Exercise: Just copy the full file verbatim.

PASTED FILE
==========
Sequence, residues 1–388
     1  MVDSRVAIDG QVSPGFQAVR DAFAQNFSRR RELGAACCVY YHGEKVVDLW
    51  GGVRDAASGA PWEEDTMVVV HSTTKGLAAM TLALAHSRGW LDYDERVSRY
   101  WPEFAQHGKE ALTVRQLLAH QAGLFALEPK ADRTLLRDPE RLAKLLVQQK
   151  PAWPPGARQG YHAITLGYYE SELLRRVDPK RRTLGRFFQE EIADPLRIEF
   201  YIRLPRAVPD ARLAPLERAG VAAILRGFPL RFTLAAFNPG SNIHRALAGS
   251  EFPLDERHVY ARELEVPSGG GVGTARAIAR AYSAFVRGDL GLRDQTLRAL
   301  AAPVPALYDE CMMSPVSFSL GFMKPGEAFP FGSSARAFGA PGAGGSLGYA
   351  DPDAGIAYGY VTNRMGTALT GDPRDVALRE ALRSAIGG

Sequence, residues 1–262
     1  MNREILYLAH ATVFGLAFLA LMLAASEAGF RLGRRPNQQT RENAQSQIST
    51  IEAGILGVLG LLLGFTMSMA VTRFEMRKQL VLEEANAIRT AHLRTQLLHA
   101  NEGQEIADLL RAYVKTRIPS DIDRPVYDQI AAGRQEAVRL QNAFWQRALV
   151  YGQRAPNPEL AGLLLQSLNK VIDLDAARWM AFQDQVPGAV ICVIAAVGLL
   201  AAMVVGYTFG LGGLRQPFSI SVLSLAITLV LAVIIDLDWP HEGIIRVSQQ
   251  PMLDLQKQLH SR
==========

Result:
Sequence, residues 1–388
     1  MVDSRVAIDG QVSPGFQAVR DAFAQNFSRR RELGAACCVY YHGEKVVDLW
    51  GGVRDAASGA PWEEDTMVVV HSTTKGLAAM TLALAHSRGW LDYDERVSRY
   101  WPEFAQHGKE ALTVRQLLAH QAGLFALEPK ADRTLLRDPE RLAKLLVQQK
   151  PAWPPGARQG YHAITLGYYE SELLRRVDPK RRTLGRFFQE EIADPLRIEF
   201  YIRLPRAVPD ARLAPLERAG VAAILRGFPL RFTLAAFNPG SNIHRALAGS
   251  EFPLDERHVY ARELEVPSGG GVGTARAIAR AYSAFVRGDL GLRDQTLRAL
   301  AAPVPALYDE CMMSPVSFSL GFMKPGEAFP FGSSARAFGA PGAGGSLGYA
   351  DPDAGIAYGY VTNRMGTALT GDPRDVALRE ALRSAIGG

Sequence, residues 1–262
     1  MNREILYLAH ATVFGLAFLA LMLAASEAGF RLGRRPNQQT RENAQSQIST
    51  IEAGILGVLG LLLGFTMSMA VTRFEMRKQL VLEEANAIRT AHLRTQLLHA
   101  NEGQEIADLL RAYVKTRIPS DIDRPVYDQI AAGRQEAVRL QNAFWQRALV
   151  YGQRAPNPEL AGLLLQSLNK VIDLDAARWM AFQDQVPGAV ICVIAAVGLL
   201  AAMVVGYTFG LGGLRQPFSI SVLSLAITLV LAVIIDLDWP HEGIIRVSQQ
   251  PMLDLQKQLH SR